I want to say a little something about the poem ‘How to Leave the World that Worships Should‘ because so many people have been coming here looking for it since it appeared on the English Literature GCSE syllabus last year. I’ll leave the analysis to others because my days of doing other people’s homework are over. Unless you’re going to threaten to flush my head down the toilet, obviously. I will, however, give you a small hint about the title, which I know flummoxes some people. The word ‘should’ should be in italics, or inverted commas. How to leave the world that worships (the word/concept of) ‘should’. Simple enough, once that’s clear, although I know when the poem reproduces itself on websites the italics or quote marks can disappear, making the title utterly nonsensical.
No, no analysis, because I would hope – outside the demands of exams etc – that it doesn’t need one. But I will give a little background.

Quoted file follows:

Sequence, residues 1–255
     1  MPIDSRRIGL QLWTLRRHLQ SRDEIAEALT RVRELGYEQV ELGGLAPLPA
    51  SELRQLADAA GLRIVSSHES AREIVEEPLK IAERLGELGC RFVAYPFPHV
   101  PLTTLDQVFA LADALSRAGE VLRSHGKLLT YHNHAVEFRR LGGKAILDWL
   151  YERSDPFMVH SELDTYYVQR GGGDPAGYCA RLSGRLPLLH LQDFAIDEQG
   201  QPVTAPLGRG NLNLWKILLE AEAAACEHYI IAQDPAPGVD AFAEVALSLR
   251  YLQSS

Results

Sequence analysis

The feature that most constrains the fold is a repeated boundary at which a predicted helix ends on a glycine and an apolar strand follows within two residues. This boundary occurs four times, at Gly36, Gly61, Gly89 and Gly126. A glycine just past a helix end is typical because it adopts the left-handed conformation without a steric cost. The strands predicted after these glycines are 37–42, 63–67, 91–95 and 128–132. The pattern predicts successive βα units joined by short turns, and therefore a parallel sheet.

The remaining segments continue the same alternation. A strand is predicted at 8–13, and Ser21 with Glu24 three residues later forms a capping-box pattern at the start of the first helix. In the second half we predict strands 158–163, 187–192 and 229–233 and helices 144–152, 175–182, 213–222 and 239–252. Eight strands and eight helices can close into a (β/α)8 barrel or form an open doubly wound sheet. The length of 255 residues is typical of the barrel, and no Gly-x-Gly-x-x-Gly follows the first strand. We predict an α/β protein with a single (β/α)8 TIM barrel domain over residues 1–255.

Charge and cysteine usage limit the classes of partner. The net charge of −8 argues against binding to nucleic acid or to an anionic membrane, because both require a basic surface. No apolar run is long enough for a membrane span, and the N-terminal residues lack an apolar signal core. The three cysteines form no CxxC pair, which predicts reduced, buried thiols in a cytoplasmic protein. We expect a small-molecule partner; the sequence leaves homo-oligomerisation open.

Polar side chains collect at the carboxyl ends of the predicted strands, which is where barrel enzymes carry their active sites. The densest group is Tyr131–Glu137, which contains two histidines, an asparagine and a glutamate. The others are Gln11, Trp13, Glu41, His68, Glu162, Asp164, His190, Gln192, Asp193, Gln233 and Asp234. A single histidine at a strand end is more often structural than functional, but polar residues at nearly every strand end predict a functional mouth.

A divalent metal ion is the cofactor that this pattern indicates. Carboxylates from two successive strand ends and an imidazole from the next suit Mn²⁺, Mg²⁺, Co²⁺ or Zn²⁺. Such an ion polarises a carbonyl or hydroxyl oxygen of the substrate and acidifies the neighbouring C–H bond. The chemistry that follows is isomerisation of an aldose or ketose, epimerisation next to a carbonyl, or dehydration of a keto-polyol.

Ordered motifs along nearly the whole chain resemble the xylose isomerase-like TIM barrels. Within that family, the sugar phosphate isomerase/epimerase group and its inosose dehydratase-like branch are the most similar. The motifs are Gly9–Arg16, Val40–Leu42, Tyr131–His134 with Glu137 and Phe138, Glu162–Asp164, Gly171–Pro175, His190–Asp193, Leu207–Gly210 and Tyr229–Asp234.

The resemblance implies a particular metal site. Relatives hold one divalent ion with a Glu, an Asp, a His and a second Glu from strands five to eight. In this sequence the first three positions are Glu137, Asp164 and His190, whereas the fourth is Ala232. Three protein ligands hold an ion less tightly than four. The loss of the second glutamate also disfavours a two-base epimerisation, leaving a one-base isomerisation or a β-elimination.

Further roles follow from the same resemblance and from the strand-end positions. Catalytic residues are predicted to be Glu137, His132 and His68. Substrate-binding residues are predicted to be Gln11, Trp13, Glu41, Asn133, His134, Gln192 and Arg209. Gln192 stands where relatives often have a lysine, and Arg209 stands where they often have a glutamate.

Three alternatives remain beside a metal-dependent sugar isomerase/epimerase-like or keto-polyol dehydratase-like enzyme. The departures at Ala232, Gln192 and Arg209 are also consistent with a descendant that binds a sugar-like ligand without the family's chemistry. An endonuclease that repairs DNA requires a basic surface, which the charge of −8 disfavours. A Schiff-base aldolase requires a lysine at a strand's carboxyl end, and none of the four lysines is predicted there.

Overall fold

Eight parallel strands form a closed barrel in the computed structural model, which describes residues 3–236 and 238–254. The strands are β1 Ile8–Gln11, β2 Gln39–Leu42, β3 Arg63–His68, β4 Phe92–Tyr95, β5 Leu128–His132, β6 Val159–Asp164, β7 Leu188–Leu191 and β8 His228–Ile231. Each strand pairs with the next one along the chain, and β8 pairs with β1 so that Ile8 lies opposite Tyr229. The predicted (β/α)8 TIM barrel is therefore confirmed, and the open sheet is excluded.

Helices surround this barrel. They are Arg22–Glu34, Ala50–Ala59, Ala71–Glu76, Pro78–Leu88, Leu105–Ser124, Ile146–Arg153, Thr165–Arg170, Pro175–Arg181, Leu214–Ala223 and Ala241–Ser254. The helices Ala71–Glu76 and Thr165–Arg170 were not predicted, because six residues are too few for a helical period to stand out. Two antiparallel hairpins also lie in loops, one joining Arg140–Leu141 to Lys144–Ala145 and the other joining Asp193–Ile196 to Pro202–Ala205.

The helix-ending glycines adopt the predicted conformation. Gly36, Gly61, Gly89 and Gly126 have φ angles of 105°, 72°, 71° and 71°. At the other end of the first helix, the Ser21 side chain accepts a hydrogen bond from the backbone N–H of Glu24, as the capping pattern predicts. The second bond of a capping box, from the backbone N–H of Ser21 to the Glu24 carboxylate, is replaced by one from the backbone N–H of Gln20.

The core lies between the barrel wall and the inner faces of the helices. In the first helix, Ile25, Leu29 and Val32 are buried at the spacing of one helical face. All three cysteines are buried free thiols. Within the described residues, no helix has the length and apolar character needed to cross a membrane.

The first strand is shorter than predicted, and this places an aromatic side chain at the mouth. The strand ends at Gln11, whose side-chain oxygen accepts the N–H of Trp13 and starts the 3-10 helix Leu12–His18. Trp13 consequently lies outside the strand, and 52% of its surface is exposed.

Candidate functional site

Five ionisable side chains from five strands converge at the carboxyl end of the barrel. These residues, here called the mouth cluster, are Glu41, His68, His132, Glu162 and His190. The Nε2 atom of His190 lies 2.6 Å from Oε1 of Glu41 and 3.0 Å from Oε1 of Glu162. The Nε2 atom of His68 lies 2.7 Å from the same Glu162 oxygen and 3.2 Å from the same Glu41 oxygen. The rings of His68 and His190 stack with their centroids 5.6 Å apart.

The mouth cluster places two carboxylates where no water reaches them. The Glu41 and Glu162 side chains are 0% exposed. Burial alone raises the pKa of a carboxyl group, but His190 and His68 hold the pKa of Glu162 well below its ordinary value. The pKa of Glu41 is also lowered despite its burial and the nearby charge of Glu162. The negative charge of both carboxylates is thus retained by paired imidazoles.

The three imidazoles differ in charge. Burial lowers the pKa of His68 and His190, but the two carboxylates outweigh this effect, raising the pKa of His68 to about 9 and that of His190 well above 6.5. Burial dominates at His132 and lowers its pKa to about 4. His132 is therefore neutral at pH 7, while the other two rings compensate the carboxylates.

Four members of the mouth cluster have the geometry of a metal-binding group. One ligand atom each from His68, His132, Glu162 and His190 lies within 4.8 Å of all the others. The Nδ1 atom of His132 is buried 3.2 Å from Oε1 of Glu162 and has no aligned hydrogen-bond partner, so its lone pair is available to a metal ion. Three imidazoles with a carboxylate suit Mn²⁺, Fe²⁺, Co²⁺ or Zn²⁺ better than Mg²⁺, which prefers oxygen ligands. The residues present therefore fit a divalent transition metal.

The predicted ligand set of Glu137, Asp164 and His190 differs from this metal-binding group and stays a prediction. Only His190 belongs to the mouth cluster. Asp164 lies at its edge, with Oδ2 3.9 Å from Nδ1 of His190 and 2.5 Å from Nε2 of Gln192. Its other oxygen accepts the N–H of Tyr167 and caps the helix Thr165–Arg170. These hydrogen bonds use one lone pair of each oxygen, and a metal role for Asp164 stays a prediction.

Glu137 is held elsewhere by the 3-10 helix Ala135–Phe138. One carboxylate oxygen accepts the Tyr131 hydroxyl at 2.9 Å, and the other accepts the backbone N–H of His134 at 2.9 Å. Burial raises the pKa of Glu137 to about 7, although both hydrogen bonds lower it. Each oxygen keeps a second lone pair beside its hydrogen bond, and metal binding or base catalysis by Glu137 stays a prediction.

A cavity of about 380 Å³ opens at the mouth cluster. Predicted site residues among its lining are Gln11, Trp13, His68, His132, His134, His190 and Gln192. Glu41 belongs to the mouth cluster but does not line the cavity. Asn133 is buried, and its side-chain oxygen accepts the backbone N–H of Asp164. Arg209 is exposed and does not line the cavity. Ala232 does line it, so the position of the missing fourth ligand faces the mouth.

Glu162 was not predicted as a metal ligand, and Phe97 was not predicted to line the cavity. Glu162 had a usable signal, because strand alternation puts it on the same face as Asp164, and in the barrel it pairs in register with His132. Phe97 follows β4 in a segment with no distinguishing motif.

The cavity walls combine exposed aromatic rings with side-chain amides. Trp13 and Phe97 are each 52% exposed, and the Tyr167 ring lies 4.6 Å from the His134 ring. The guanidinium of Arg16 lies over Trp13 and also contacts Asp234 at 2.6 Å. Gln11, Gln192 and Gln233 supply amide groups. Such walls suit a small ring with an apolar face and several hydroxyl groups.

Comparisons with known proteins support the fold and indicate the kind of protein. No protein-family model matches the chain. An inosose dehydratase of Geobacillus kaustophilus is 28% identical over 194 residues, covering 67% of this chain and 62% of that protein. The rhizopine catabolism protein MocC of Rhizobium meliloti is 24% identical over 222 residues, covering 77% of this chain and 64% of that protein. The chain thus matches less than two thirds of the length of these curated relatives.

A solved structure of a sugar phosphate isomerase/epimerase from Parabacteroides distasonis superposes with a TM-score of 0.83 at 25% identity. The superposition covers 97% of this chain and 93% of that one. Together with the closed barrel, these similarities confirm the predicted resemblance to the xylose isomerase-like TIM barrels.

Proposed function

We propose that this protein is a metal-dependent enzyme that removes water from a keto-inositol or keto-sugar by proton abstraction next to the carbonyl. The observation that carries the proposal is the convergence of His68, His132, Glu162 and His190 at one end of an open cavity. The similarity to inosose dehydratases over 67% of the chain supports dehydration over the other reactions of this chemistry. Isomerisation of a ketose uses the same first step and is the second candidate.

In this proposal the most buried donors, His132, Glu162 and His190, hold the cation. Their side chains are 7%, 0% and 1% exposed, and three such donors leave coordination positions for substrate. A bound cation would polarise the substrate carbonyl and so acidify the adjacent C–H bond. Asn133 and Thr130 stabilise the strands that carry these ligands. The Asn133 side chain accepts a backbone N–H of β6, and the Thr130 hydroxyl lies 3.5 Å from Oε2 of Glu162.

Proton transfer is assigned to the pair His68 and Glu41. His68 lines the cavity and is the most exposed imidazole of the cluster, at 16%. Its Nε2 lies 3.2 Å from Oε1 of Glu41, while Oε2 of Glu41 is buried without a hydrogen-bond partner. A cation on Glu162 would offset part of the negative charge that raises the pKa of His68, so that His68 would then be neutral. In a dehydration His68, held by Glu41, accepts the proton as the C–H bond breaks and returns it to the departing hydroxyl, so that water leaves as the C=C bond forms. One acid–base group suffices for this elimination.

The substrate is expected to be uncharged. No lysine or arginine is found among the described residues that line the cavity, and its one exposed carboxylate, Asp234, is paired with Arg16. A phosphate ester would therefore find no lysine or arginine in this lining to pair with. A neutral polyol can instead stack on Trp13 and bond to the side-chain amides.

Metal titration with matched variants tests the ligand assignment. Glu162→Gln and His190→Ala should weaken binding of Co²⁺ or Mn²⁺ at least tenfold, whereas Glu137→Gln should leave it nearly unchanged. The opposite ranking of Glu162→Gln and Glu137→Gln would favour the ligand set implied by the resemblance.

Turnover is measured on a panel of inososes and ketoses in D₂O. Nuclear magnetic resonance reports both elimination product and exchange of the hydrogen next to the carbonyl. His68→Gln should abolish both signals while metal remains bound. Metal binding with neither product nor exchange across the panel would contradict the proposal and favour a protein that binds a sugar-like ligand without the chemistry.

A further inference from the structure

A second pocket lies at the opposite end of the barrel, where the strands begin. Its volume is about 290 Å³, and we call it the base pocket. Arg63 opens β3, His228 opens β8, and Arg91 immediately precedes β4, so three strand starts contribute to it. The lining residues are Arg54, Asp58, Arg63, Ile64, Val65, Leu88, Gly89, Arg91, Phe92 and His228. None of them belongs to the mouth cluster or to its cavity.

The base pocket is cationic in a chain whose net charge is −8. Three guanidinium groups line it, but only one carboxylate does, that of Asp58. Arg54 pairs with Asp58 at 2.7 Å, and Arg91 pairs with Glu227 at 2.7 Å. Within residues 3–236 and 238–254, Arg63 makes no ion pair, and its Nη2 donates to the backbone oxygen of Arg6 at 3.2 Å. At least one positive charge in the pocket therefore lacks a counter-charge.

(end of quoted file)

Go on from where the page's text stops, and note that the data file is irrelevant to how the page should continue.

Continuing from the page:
First off, I should tell you this poem owes its existence to the generous funding of Arts Council England and two lovely people who worked at Canterbury City council nearly a decade ago. So if you like this poem, support the funding of the arts! The two lovely people had seen me speak about my public art commissions at a conference and approached me to write a number of poems about Herne Bay, on the coast of Kent. We ended up agreeing on eight sonnets (which became known as the Seaside Sonnets), and this was the first. The day I wrote it, I knew it was something a little bit special. Since then it has proved to be so: popular in postcard form with people working in cubicles, it has proliferated itself all over the internet. Someone even posted it on the Bolton Wanderers fan forum, at which point I realised it was really going mainstream. Read more